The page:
The National Renewable Energy Laboratory (NREL) has opted with Hewlett Packard Enterprise for a new supercomputer.
This announcement comes on the back of a longstanding relationship between HPE and the U.S. Department of Energy (DOE) to apply advanced supercomputing and HPC solutions to accelerate research across various DOE agencies.
The NREL’s current supercomputer was codenamed ‘Peregrine’ and featured a peak performance of 2.26 petaflops. The new system built by HPE (codenamed ‘Eagle’) is purported to be more energy efficient and boast a peak performance of 8 petaflops – 3x more than Peregrine.
Eagle will be equipped to run more detailed models that simulate complex processes, systems, and phenomena to advance early research and development on energy technologies across fields including vehicle, wind power, and data sciences.
Hewlett Packard Enterprise HPE and AI group vice president and general manager Bill Mannel says the industry will continue to combat energy consumption to lower operating costs and pollution levels amidst ongoing computing advances. Through collaborative efforts with NREL, from an initiative to enable data centers with hydrogen fuel cells to the new Eagke system, HPE is looking to design innovative and energy-efficient solutions for the next generation HPC technologies.
“We are strongly committed to architecting technologies that power the next wave of supercomputing and are creating advanced HPC systems while scaling energy efficiency in data centers, to get us there,” says Mannel.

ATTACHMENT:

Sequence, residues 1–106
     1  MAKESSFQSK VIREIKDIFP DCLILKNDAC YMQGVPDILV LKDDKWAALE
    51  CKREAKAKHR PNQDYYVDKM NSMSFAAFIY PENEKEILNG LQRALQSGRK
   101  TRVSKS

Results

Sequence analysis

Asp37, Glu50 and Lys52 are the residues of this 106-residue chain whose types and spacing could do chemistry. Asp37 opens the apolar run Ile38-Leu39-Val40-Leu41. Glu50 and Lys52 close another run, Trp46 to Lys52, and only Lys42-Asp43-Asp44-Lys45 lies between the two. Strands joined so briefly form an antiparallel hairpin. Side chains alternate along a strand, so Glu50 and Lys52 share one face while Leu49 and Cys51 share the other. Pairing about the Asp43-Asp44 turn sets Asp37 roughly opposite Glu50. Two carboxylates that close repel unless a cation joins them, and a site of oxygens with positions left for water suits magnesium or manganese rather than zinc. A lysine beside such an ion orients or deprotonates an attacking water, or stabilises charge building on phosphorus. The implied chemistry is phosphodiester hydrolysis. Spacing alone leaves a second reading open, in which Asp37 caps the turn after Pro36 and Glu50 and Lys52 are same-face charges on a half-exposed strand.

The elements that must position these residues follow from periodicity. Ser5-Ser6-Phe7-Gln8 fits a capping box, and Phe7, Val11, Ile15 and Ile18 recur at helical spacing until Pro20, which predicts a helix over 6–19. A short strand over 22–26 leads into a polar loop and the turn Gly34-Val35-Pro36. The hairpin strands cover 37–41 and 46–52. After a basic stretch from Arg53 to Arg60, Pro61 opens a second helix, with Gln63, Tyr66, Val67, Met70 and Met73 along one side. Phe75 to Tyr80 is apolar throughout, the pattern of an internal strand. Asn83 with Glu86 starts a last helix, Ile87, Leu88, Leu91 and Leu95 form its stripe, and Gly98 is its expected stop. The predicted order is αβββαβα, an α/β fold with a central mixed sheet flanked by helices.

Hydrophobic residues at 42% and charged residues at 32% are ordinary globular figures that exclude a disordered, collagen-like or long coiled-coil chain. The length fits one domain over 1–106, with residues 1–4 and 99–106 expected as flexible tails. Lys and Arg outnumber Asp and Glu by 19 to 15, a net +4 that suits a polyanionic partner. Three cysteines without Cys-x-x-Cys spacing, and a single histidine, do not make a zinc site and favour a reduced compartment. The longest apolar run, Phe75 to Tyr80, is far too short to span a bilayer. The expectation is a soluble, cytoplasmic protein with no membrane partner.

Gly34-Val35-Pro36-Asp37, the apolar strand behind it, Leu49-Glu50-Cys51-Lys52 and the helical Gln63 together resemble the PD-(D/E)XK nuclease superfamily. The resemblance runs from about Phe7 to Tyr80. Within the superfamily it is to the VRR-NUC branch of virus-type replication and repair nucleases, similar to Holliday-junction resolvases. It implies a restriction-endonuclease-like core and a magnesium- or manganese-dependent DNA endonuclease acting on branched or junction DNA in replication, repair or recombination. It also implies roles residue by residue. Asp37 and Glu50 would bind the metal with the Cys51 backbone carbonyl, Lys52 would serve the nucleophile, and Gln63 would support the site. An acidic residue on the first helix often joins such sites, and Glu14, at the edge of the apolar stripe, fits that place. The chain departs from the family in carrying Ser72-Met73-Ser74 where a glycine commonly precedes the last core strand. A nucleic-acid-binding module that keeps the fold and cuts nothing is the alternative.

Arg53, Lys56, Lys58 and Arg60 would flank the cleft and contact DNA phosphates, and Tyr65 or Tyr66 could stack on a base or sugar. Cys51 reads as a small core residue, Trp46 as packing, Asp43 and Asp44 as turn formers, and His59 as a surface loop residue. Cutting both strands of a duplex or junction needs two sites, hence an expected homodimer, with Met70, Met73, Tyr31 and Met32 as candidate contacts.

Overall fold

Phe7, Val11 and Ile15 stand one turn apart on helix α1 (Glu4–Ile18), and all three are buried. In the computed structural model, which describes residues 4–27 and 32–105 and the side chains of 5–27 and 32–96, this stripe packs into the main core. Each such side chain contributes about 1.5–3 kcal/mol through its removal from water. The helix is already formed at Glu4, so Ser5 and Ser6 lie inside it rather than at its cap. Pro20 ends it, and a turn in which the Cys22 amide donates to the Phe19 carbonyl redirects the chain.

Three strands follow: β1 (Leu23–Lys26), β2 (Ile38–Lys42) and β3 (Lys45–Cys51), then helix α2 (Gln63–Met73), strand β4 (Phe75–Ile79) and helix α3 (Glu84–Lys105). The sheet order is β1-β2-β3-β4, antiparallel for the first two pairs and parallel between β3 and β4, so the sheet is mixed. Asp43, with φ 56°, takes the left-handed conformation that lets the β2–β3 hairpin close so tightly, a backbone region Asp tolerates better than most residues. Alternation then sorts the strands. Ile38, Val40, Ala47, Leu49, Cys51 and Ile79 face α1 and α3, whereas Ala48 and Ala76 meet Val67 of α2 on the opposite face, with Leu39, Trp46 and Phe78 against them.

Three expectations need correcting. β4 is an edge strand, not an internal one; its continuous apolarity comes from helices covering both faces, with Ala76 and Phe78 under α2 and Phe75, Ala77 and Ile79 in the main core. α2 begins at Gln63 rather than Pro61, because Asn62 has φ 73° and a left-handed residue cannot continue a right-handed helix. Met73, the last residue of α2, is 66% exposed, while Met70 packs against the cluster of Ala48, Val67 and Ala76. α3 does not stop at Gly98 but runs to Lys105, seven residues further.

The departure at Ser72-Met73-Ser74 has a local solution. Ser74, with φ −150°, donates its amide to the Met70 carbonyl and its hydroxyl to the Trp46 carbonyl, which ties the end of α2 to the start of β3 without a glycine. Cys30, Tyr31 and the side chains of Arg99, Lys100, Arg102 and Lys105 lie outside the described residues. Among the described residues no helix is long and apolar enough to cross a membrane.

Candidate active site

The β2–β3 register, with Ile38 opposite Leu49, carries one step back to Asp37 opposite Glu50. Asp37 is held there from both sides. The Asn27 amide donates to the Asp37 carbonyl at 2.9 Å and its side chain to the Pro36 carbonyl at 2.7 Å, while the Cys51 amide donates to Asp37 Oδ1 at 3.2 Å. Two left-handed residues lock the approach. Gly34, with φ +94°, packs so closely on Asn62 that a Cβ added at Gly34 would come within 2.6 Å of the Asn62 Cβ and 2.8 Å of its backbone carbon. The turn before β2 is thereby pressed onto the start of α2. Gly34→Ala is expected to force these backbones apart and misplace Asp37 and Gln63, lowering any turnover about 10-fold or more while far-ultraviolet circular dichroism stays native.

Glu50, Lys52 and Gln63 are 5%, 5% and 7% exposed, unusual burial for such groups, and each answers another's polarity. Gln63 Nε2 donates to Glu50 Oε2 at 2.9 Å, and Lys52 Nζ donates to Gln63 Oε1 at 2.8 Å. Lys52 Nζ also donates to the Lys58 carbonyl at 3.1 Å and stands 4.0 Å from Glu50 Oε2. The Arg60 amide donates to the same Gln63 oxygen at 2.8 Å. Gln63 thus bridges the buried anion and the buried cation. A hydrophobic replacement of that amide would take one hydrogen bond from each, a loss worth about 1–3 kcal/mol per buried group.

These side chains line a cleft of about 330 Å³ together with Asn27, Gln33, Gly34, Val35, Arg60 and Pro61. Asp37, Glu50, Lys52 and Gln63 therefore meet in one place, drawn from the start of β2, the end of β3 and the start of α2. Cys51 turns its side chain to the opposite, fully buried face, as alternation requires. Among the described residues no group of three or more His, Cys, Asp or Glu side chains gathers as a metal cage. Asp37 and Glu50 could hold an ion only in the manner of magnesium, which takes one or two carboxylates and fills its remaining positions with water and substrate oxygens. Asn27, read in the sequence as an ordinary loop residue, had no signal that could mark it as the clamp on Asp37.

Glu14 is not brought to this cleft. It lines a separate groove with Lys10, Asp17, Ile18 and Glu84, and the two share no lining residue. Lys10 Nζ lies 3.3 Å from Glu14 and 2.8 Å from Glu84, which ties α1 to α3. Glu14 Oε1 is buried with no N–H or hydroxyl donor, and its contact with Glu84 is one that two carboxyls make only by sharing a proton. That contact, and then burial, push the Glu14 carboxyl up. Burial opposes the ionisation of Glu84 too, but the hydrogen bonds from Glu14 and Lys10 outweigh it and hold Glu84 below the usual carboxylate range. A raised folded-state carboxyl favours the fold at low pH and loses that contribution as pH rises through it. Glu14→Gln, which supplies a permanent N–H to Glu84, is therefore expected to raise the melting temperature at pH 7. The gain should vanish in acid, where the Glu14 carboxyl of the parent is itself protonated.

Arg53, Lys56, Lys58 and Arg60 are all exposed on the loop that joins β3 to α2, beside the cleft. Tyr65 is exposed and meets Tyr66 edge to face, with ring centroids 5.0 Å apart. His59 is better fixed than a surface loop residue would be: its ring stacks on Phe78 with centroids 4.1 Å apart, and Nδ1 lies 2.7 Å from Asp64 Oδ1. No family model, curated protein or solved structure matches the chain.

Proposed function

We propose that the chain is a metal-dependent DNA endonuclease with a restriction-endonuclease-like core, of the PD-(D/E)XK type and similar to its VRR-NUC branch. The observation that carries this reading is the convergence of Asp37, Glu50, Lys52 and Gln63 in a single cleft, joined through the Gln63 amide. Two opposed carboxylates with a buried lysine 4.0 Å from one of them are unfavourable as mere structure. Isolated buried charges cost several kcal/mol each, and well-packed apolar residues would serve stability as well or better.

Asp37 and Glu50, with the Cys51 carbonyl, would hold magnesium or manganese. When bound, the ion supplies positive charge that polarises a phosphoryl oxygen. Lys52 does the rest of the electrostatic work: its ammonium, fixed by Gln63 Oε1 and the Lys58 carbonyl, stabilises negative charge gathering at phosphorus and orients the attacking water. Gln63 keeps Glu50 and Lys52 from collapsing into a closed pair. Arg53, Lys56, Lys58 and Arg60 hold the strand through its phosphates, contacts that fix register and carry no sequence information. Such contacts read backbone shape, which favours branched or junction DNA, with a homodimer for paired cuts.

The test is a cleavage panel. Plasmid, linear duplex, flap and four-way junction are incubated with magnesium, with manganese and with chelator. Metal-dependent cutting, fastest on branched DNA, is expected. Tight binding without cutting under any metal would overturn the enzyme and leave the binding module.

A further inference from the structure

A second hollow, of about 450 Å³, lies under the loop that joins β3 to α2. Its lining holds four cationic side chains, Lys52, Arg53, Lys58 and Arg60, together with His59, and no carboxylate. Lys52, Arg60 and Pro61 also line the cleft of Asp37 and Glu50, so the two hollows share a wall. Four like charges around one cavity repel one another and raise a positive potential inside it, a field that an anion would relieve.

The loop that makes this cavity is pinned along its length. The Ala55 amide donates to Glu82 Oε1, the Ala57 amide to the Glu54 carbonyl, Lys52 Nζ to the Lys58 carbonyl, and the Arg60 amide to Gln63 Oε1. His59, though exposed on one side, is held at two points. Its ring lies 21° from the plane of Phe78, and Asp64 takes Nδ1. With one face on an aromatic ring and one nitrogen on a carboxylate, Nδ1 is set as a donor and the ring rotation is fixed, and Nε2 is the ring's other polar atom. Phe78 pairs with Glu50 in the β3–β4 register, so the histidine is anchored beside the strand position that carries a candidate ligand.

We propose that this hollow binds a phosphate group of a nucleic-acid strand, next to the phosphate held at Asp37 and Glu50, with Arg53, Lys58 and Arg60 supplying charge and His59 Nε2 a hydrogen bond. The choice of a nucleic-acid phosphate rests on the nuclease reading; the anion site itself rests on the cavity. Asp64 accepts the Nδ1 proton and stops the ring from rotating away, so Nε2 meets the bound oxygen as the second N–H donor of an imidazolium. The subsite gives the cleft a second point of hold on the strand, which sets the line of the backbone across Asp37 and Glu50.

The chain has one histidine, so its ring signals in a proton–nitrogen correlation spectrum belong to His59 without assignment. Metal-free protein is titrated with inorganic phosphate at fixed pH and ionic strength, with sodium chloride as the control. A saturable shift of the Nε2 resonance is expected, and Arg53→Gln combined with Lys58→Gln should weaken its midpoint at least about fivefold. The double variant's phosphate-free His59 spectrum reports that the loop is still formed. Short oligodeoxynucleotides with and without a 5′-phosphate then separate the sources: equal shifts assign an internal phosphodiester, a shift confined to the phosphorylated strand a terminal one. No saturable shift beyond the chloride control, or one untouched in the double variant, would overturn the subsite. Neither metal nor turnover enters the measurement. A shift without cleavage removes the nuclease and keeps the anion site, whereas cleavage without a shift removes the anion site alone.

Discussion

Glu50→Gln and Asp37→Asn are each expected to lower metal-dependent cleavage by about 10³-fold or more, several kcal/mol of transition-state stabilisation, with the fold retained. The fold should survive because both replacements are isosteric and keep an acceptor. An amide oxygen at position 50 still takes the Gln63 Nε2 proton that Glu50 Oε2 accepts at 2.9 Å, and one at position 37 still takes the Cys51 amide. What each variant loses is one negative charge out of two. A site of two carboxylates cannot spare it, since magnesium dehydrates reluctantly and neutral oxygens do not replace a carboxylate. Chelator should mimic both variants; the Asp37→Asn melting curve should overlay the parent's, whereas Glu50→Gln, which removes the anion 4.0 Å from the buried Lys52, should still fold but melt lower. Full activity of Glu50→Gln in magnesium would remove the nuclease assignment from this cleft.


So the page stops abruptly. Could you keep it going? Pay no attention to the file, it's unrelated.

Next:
“Through Eagle and our overall ongoing collaboration with the U.S. DOE and NREL, we are advancing research to bolster innovation in energy and sustainability.”
With the implementation of Eagle, the NREL will host the world’s largest HPC system dedicated to advancing renewable energy and energy efficiency technologies.
The supercomputer is powered by the HPE SGI 8600, which the company asserts is a system built from the ground up to run complex HPC workloads at petaflop speeds. The system also has a warm liquid cooling system that captures 97 percent of wasted heat to reuse in other areas of its hosted facility like surrounding office space and labs.
“With Eagle, we are gaining significant compute power to boost scientific discovery efforts and support our mission in advancing innovation in energy technologies,” says NREL computational science center director Steve Hammond.
“By collaborating with HPE, we are gaining better tools to improve simulation and modeling across complex events to unlock new insights.”
In terms of the technical aspects, Eagle will be a fully integrated turn-key system that runs on the Intel Xeon Scalable processors, uses Mellanox EDR InfiniBand fabric, and is made up of a total of 76,104 compute cores, 2,144 dual-socket computes nodes, each with memory ranging from 96 to 768 gigabytes (GB) to reach its peak performance of 8 petaflops.
Eagle will be installed in NREL’s Energy System Integration Facility (ESIF) data center this summer and put into production use in January 2019.